Week of June 11, 2018
(The following message is based on the Sunday message at Grace Church Bethlehem and is intended for use in small groups or for personal reflection)
On May 29th the New York Times ran an article by Roni Caryn Rabin titled, “Put a Ring on It? Millennials In No Hurry to the Altar.” No doubt about it, cultural attitudes and practices regarding marriage are rapidly changing. Still, the most recent Match.com survey of single adults in America reports that 70% of those surveyed want a “serious relationship.” This kind of language raises more questions as to what a “serious relationship” is and whether it is expected that something else will follow. Navigating the journey from adolescence to single adulthood to marriage has probably never been more complex. The rules of the game seem to be constantly changing. Further, in the midst of this cultural context the church has a very specific story to tell about what God intends for the relationship between man and woman. This story is not as widely accepted as it used to be, and while we can’t do much to make it popular, we can make it plain.
Scripture text(s): Matthew 19:1-6
When Jesus had finished saying these things, he left Galilee and went into the region of Judea to the other side of the Jordan. 2 Large crowds followed him, and he healed them there. 3 Some Pharisees came to him to test him. They asked, “Is it lawful for a man to divorce his wife for any and every reason?” 4 “Haven’t you read,” he replied, “that at the beginning the Creator ‘made them male and female,’[a] 5 and said, ‘For this reason a man will leave his father and mother and be united to his wife, and the two will become one flesh’[b]? 6 So they are no longer two, but one flesh. Therefore, what God has joined together, let no one separate.”
For discussion / personal reflection:
1. The Pharisees were seeking to ‘test’ Jesus with a question about divorce. Today, what other issues might they have asked about to test or trap Jesus in the way he answered?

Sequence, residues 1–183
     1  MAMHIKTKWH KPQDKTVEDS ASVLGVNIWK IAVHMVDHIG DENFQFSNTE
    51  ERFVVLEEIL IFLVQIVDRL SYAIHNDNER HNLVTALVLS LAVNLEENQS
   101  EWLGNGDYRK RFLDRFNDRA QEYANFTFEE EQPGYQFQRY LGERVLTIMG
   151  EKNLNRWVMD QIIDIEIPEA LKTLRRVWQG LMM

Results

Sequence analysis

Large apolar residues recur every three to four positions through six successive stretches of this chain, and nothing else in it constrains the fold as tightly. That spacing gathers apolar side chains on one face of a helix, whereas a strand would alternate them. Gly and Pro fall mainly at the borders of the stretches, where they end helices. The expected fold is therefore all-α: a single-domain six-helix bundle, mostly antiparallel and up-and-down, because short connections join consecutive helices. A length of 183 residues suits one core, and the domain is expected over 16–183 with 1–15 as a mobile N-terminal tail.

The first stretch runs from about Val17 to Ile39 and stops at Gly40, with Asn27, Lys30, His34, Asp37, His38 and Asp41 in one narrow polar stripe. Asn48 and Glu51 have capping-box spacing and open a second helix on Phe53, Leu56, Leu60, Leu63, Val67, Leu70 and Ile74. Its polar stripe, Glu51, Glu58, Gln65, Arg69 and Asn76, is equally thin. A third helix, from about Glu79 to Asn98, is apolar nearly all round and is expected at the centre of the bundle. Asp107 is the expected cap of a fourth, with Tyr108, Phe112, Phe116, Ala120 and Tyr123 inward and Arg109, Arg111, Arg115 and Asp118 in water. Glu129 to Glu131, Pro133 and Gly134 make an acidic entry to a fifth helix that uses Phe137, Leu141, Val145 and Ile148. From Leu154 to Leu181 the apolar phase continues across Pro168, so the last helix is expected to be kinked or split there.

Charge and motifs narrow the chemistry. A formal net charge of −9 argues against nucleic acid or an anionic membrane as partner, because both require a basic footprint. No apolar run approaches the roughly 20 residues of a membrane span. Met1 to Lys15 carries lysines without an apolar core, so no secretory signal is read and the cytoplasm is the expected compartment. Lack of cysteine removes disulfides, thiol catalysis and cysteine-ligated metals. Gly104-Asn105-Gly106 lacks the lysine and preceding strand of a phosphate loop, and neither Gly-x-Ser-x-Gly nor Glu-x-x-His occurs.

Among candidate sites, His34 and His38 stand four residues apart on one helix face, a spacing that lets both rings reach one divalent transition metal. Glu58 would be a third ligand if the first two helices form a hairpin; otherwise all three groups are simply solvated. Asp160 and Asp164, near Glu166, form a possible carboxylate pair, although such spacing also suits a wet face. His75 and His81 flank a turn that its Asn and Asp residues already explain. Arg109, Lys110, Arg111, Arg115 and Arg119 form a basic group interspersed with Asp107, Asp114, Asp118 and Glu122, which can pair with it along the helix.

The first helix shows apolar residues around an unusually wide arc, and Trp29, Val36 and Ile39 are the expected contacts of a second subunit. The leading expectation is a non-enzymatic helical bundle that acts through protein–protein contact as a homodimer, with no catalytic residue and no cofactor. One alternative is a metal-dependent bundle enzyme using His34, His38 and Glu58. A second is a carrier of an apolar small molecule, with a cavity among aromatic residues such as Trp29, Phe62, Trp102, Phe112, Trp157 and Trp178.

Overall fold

2. A trend is widely observed that marriage is no longer a “launch” into a full adult life. Rather, adulthood is being defined more by an established career, financial stability and the completion of advanced education. Marriage, if it happens at all, is a ‘capstone’ or culmination of adult identity. What positive and negative aspects can you see in this trend?
3. See the parallel version of this story in Mark 10:1-9. Some scholars suggest that the questions of the Pharisees were significant because of the background of Mark 6:14-29. Why would this story of John the Baptist be connected to the Pharisees questioning of Jesus?
4. The question asked by the Pharisees, and the answer given by Jesus reflect two very different approached to the subject of marriage. How would you describe these different approaches?
5. Pastor / author John Piper has stated that Marriage is “God’s design, God’s doing, and God’s display.” Discuss these three phrases and what they mean.
6. Jesus’ answer to the Pharisees was shocking even to his own followers. See Matthew 19:10. It seems that the church has made the mistake of (a) remaining silent regarding God’s plan for marriage, or (b) shouting in angry rebuttal to the changing culture. If Jesus’ words are the church’s message regarding marriage, how do we communicate it in a way that is compelling?
Merciful God, you have told us that you will never leave us or forsake us. You are the same yesterday, today, and forever and you keep your promises to your people. Even in our wandering and rejection of you, you pursue us with a relentless and steadfast love. Grant us grace to model your faithfulness in our own relationships. Help us as we seek to live out what God intends for marriage, and help to tell this story with boldness and gentleness, we ask in Jesus’ name. Amen.